Simple, pragmatic workflow An overview
Workflow and business processes <ul><li>There are many processes and tasks that have the need for some kind of  workflow <...
Typical workflow design and implementation <ul><li>The workflow is usually modelled in the tool by a Business Analyst </li...
Challenges with traditional workflow <ul><li>Traditional workflow is based on the concept of a person’s  role </li></ul><u...
A simple, pragmatic workflow tool <ul><li>We believe there is a need for a workflow tool that is better suited for flexibl...
OWL: Open Workflow Light <ul><li>OWL  was developed to meet the gap in a simple workflow tool. Its key principles are belo...
OWL: Keep a full audit trail <ul><li>OWL ensures that the audit trail for a task is available to the user a task is assign...
OWL: Fit in with the users’ working methods  <ul><li>OWL integrates with common tools familiar to the user </li></ul><ul><...
OWL: Technical overview <ul><li>OWL can be installed alongside your company’s applications or accessed as a service over t...
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Simple, Pragmatic Workflow

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Simple, Pragmatic Workflow

  1. 1. Simple, pragmatic workflow An overview
  2. 2. Workflow and business processes <ul><li>There are many processes and tasks that have the need for some kind of workflow </li></ul><ul><ul><li>E.g. Insurance claims, New customer processes, Call centres </li></ul></ul><ul><li>We contrast workflow with task management in that: </li></ul><ul><ul><li>workflow always involves more than one person, and </li></ul></ul><ul><ul><li>there are often decisions or rules as to where the work item should next go </li></ul></ul><ul><ul><li>Traditional workflow has previously worked well in industries with well-defined processes and organisational structures </li></ul></ul><ul><li>Workflow is often represented by Business Process Modelling (BPM) or Workflow applications </li></ul><ul><ul><li>Most of the major vendors and many specialist vendors have a workflow or BPM offering </li></ul></ul>Slide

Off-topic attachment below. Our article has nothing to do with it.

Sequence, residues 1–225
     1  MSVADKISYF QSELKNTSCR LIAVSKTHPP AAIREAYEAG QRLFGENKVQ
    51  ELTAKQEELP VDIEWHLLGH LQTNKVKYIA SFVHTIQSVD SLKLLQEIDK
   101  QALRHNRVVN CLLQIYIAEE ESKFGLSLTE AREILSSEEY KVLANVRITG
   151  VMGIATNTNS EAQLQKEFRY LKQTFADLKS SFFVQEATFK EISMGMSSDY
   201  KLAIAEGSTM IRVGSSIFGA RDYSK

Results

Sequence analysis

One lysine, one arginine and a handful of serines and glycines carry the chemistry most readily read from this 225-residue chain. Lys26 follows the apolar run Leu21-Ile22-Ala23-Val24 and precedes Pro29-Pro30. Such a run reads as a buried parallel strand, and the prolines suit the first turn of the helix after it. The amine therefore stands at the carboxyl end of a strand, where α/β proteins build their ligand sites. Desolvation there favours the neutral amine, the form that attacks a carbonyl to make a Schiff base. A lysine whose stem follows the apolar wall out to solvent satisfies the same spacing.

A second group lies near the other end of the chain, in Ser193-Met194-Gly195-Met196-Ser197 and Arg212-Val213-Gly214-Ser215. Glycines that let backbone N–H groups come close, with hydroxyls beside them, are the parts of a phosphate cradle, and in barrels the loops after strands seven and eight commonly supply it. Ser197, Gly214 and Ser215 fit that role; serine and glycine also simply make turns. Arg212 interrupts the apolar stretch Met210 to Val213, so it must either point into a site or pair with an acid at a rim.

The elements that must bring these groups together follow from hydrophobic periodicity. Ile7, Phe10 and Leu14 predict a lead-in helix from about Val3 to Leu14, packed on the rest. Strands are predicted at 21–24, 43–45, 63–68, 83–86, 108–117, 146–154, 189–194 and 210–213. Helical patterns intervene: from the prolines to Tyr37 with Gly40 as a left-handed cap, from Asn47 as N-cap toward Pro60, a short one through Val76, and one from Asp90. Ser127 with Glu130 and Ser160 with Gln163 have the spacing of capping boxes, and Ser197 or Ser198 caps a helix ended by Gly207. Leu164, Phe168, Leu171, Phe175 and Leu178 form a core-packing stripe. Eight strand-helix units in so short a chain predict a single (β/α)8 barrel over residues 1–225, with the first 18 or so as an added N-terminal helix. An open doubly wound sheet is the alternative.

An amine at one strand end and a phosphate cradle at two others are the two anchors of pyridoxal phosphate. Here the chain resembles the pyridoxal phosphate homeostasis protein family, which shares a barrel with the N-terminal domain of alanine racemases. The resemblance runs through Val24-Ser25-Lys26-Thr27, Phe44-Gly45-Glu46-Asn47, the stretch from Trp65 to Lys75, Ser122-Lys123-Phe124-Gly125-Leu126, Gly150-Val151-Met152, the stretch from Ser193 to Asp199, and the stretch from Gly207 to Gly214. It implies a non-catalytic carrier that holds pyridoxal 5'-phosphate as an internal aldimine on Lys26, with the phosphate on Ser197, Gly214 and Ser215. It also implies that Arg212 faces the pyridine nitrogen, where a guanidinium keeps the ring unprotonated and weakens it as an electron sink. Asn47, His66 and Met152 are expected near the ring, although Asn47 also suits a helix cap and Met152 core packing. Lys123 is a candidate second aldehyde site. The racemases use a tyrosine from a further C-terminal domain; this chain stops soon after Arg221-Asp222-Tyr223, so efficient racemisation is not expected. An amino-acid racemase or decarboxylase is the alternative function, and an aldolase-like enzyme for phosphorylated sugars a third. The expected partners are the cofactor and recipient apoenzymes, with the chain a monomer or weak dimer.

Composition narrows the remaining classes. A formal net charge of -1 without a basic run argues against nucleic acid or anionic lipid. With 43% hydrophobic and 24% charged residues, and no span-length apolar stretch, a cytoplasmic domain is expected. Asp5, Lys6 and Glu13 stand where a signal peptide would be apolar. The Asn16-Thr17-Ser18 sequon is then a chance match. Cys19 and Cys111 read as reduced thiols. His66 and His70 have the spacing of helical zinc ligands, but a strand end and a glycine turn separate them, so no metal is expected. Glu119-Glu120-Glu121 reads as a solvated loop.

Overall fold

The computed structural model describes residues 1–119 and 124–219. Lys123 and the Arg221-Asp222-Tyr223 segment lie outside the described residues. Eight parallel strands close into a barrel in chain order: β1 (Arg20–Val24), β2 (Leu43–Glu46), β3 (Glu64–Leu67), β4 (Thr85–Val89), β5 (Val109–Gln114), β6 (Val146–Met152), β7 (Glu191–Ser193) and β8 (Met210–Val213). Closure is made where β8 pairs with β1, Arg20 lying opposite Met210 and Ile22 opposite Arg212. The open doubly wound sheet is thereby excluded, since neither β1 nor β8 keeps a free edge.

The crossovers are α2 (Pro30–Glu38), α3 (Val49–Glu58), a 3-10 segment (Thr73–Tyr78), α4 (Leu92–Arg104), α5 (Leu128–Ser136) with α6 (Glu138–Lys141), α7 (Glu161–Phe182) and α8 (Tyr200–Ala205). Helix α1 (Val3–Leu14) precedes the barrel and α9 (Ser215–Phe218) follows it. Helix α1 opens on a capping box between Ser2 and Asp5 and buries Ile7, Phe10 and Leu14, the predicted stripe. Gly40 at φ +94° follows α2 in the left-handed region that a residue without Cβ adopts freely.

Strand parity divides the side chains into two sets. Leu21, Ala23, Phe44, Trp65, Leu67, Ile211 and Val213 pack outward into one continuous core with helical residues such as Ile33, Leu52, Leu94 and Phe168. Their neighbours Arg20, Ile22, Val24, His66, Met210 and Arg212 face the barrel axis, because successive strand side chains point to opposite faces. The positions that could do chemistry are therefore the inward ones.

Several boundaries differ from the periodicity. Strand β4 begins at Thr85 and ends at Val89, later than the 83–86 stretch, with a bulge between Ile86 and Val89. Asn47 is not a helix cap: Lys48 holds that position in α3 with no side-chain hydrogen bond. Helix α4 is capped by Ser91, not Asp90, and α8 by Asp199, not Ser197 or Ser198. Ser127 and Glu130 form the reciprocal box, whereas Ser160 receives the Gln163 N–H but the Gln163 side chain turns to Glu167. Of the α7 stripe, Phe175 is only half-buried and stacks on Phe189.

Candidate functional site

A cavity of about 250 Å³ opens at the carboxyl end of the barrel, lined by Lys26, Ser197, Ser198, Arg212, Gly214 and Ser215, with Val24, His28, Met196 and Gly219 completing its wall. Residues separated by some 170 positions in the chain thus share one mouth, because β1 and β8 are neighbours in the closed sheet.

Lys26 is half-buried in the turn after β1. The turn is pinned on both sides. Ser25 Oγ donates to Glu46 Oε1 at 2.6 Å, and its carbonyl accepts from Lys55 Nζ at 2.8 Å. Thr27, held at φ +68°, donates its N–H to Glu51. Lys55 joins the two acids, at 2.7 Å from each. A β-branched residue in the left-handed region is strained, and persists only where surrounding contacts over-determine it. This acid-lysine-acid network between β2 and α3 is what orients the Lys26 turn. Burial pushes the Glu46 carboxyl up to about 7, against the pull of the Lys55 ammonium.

3. 3. Typical workflow design and implementation <ul><li>The workflow is usually modelled in the tool by a Business Analyst </li></ul><ul><ul><li>Involves identifying steps, roles, and conditions for moving between steps </li></ul></ul><ul><li>The IT department deploy the modelled workflow on to a server with the workflow application </li></ul><ul><li>The business users interact with the workflow </li></ul>Slide
  4. 4. Challenges with traditional workflow <ul><li>Traditional workflow is based on the concept of a person’s role </li></ul><ul><ul><li>This is not a person’s job title but instead a distillation of the actions they perform in the process </li></ul></ul><ul><li>These days teams and departments are often asked to do more with less </li></ul><ul><ul><li>In reality, people will play multiple roles, sometimes in the same process </li></ul></ul><ul><ul><li>The use of offshore or nearshore teams also blurs the role boundaries </li></ul></ul><ul><li>Workflow applications that are bound up with role-based security do not adapt well to this reality </li></ul><ul><li>Traditional workflow and BPM applications are not suited to adapting quickly to change </li></ul><ul><li>They rely on a prescriptive and deterministic flow </li></ul><ul><ul><li>The flow tells the user what to do </li></ul></ul><ul><li>This is fine at design-time, but seldom matches reality </li></ul><ul><ul><li>Flows often have exception situations (e.g. Where a customer’s documentation might be incomplete) that require case-by-case analysis and resolution </li></ul></ul><ul><li>Modelling these as one-size-fits all makes it more difficult for staff to do their jobs </li></ul>Slide